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REVIEW: "IT Governance", Peter Weill/Jeanne W. Ross

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  • Rob, grandpa of Ryan, Trevor, Devon & Ha
    BKITGOVR.RVW 20070105 IT Governance , Peter Weill/Jeanne W. Ross, 2004, 1-59139-253-5, U$35.00 %A Peter Weill %A Jeanne W. Ross %C 60 Harvard Way,
    Message 1 of 1 , Feb 14, 2007
      BKITGOVR.RVW 20070105

      "IT Governance", Peter Weill/Jeanne W. Ross, 2004, 1-59139-253-5,
      %A Peter Weill
      %A Jeanne W. Ross
      %C 60 Harvard Way, Boston MA 02163
      %D 2004
      %G 1-59139-253-5
      %I Harvard Business School Press
      %O U$35.00 617-495-6700 800-545-7685 http://www.hbsp.harvard.edu
      %O http://www.amazon.com/exec/obidos/ASIN/1591392535/robsladesinterne
      %O http://www.amazon.ca/exec/obidos/ASIN/1591392535/robsladesin03-20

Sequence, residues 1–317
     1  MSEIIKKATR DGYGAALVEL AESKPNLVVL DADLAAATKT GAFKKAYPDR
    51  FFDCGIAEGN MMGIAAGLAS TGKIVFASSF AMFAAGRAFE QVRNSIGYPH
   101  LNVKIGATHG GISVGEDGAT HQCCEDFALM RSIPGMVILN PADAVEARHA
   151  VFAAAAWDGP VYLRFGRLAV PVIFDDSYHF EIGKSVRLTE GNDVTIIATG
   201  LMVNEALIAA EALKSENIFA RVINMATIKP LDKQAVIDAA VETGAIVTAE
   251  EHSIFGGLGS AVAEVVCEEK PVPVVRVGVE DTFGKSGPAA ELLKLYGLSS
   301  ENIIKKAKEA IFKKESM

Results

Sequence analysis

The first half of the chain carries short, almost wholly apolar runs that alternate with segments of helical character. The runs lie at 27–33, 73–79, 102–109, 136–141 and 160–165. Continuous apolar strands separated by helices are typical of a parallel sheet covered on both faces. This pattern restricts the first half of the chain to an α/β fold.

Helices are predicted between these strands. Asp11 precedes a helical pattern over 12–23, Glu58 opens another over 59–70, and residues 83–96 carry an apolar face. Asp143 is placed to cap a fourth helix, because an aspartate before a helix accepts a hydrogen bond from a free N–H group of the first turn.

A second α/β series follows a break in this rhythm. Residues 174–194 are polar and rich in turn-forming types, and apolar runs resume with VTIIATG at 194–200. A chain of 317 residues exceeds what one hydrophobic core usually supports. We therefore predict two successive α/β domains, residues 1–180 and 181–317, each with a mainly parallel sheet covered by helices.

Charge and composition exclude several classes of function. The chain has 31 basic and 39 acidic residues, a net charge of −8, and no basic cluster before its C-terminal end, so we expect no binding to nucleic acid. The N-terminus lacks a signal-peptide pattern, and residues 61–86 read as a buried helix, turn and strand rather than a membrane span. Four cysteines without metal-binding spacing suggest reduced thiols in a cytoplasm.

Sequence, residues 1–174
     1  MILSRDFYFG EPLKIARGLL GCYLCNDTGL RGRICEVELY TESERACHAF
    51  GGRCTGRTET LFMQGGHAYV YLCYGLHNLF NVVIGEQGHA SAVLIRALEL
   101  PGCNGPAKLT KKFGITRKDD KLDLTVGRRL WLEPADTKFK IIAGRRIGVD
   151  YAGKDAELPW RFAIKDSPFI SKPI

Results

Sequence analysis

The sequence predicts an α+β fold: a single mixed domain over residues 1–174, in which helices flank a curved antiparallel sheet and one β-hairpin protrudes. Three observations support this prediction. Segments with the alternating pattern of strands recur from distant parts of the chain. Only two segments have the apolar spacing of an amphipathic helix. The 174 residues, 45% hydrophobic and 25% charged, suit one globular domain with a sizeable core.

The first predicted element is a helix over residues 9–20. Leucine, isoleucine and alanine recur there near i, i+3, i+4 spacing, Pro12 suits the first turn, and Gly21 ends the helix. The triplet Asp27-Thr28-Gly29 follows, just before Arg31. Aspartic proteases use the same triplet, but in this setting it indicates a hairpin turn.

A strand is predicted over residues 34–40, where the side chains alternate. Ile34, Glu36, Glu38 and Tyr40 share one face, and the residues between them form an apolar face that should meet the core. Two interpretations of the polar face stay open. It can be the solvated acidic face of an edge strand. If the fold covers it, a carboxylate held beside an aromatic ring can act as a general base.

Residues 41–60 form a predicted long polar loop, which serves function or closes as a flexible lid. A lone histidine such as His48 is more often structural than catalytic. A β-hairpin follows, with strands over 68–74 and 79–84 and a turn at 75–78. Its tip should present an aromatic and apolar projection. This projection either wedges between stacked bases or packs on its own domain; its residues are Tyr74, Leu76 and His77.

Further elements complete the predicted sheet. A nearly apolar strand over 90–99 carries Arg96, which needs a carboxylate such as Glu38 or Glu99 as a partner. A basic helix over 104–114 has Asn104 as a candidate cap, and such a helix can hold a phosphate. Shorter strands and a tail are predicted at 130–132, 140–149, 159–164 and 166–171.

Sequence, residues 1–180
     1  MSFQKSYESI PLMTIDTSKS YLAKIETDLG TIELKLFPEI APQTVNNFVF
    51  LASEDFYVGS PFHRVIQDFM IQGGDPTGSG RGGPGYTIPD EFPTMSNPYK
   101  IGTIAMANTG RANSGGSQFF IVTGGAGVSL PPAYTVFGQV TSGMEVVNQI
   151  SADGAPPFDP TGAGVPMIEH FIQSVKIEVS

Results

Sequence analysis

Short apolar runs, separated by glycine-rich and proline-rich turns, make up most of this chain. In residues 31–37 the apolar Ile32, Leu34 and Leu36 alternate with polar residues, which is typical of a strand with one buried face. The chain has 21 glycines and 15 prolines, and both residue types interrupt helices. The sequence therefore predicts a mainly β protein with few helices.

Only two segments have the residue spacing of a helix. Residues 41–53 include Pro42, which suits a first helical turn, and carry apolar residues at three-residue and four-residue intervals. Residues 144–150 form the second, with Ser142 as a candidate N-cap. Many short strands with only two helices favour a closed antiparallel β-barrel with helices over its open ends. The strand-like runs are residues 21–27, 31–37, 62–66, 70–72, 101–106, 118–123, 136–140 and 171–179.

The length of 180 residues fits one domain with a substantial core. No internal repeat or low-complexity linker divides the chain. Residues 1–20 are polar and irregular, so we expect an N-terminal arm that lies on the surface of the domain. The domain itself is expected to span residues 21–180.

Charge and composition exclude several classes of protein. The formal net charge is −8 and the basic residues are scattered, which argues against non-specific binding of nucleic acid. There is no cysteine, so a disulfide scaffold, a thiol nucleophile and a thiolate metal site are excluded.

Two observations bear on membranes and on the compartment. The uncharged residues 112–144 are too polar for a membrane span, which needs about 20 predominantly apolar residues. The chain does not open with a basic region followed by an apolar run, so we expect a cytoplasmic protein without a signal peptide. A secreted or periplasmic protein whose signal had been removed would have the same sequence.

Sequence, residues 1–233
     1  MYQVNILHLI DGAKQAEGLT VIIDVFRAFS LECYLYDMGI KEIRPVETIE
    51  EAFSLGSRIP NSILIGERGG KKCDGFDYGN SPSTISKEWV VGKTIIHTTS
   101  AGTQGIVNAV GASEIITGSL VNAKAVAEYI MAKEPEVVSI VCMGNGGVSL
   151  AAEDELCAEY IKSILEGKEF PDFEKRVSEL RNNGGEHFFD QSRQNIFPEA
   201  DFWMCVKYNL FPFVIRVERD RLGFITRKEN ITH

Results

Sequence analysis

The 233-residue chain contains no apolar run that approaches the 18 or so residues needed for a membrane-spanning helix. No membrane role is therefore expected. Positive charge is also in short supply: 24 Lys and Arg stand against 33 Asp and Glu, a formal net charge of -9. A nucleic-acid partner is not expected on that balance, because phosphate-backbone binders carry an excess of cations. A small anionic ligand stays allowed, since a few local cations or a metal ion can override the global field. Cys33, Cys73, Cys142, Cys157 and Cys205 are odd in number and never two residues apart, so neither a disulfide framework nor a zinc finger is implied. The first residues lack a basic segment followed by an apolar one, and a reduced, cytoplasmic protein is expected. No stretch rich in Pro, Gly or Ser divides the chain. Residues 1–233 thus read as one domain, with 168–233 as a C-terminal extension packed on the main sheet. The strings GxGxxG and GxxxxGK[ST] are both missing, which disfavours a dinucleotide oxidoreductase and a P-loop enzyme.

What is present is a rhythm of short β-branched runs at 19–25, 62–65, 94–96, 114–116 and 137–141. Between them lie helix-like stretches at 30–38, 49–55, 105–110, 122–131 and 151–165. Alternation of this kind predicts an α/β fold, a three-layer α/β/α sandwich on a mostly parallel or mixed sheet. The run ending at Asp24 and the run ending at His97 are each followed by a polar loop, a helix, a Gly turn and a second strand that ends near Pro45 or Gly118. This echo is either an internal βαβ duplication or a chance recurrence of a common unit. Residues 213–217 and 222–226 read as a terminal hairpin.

%O Audience a- Tech 1 Writing 1 (see revfaq.htm for explanation)
      %P 267 p.
      %T "IT Governance"

      The preface promotes IT (Information Technology) governance, but is
      vague on what that might be. It also talks about decision rights (who
      gets to influence or make the decision), IT architecture (though the
      book only later notes that this involves integration and the creation
      of standards), and business strategies.

      Chapter one does give (and repeats in different places) the definition
      that IT governance specifies the decision rights and accountability
      framework that will encourage proper behaviour in using IT. Thus,
      governance is not about specific decisions as such, but entails the
      factors regarding who determines and contributes to decisions. (The
      OECD (Organisation for Economic Co-operation and Development) provides
      that corporate governance is a structure for determining
      organizational objectives and monitoring performance and progress
      towards them. The book suggests that effective governance arises from
      factors involving what decisions ensure effective management, who
      makes those decisions, and how the decisions are made and monitored.)